The movie starts by introducing us to Bill Randa (John Goodman) who is the head of Monarch; an organization that is hell bent on proving the existence of monsters. They’ve hit a rough patch, mostly due to them never finding any monsters, but 1973 just might be the year they turn things around! They have some satellite images of a heretofore unknown island which may or may not contain resources that the government can use in their fight against the Russians, and Monarch wants to tag along with another organization already headed there for some basic geological research. Actually, all Bill wants to do is find monsters, but the US government gives them the go ahead to tag along and to also bring a military squadron who JUST SO HAPPEN to be one day away from heading back home from Vietnam. Of course the commander Lieutenant Colonel Preston Packard (Samuel L Jackson) is thrilled at the opportunity as he doesn’t seem too interested in leaving the war, but those under his command which includes Jack Chapman (Toby Kebbell) are less so. Still, they follow the orders that are given to them and they are even joined by former British SAS bad ass James Conrad (Tom Hiddleston) who’s supposed to be an expert tracker and photojournalist Mason Weaver (Brie Larson) who somehow manages to be a part of this expedition as well. The crew packs up, they fly to the mysterious island that is colorfully known as Skull Island, and IMMEDIATLEY get their asses kicked by Kong who mows down all their helicopters; leaving all of the name actors but only a handful of army and scientist extras. Along their travels, they run into even MORE monsters, find a World War 2 fighter pilot who’s been trapped on the island for almost two decades (John C Reilly), and ultimately have to come up with a way to escape the island before their one chance of rescue passes them by. Can the remaining survivors make it off the island before they become monster food, or will some of them refuse to leave until Kong is dead? Just what is Kong fighting on this island when he’s not swatting down humans? Most importantly, WHEN ARE WE GONNA GET A NEW GODZILLA VS KING KONG MOVIE!?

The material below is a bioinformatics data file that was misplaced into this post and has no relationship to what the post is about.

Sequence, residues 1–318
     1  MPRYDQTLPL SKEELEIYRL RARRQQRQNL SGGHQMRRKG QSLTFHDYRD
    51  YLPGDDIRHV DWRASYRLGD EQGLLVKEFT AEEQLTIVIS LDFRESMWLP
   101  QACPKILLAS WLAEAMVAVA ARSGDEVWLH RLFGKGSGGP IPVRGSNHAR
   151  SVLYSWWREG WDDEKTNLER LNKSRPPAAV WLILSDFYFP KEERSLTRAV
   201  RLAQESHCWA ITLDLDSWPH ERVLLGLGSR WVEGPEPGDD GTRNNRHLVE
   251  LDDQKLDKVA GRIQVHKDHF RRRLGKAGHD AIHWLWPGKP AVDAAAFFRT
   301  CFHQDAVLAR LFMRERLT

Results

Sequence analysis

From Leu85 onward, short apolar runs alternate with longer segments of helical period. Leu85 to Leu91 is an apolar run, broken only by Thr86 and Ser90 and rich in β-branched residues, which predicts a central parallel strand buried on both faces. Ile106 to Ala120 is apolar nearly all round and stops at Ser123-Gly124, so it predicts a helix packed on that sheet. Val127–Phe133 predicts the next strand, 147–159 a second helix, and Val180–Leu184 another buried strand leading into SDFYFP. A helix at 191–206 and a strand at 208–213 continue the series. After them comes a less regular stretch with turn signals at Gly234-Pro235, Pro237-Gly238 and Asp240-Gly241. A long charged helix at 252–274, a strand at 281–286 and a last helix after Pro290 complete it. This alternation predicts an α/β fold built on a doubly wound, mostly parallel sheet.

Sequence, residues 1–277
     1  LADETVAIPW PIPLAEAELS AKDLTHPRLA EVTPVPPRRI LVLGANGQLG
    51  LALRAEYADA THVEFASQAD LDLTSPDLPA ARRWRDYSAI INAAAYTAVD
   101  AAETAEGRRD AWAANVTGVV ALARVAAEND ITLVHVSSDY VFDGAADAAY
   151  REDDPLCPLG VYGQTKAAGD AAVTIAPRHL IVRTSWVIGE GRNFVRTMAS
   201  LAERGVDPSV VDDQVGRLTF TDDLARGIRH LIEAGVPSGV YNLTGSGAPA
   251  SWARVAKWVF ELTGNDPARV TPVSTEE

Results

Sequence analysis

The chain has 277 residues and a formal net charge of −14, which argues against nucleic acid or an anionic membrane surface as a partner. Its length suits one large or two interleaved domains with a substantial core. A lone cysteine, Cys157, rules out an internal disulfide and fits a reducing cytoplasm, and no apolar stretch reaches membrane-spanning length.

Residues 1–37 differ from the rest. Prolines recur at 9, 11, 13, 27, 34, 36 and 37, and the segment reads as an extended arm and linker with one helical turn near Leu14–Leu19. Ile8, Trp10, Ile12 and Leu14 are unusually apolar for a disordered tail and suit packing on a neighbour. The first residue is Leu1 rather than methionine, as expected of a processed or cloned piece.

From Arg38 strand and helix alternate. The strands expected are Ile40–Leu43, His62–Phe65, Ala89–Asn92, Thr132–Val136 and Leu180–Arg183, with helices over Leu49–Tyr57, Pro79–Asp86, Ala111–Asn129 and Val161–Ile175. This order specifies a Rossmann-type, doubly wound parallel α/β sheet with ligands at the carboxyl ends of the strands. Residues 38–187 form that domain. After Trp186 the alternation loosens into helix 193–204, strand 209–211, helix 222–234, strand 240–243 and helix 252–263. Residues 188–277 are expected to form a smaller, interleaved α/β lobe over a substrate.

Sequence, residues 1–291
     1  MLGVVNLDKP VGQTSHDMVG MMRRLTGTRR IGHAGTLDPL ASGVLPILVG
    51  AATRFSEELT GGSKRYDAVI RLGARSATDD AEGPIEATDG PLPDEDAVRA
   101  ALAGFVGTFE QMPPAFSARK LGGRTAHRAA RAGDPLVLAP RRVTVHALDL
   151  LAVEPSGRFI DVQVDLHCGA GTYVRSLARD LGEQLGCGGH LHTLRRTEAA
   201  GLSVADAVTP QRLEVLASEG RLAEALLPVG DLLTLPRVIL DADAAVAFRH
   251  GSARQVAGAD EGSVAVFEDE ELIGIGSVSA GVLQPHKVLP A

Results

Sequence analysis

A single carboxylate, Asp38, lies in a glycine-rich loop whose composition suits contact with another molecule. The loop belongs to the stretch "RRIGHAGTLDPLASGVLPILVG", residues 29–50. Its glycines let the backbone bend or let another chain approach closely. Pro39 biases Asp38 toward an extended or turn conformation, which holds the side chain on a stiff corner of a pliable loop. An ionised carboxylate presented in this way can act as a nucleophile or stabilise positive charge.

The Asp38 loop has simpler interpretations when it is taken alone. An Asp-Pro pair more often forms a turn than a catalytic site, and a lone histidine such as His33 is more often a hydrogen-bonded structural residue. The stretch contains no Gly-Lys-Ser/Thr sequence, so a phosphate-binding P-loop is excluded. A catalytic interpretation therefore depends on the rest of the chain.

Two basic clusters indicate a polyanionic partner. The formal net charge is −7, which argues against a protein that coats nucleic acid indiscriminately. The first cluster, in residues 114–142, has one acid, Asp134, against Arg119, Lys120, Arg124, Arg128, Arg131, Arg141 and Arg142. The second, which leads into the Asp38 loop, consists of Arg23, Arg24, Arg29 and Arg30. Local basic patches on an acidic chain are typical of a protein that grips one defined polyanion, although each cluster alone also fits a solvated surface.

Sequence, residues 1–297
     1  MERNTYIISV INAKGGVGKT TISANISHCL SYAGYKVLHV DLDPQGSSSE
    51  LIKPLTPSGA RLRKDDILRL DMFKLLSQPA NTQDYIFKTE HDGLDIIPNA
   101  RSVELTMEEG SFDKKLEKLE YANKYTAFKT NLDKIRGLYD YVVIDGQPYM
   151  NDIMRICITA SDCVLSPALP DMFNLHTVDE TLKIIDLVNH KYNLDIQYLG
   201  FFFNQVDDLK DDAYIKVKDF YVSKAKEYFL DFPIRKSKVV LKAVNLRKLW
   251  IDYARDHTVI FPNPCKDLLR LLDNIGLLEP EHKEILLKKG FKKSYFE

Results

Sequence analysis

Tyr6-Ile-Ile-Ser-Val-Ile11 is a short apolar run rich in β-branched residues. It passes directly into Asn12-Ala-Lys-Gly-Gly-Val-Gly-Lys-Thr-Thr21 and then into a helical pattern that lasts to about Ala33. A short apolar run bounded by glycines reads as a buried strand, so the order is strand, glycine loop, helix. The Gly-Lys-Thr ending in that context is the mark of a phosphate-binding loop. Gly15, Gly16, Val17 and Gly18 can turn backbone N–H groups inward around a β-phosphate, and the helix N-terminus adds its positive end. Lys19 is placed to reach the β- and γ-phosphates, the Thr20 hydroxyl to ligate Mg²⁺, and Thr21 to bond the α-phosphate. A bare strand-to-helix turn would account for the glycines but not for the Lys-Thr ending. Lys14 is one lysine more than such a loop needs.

“This guy doesn’t have thermonuclear breath, right?” “No, but he can still throw stuff at us.”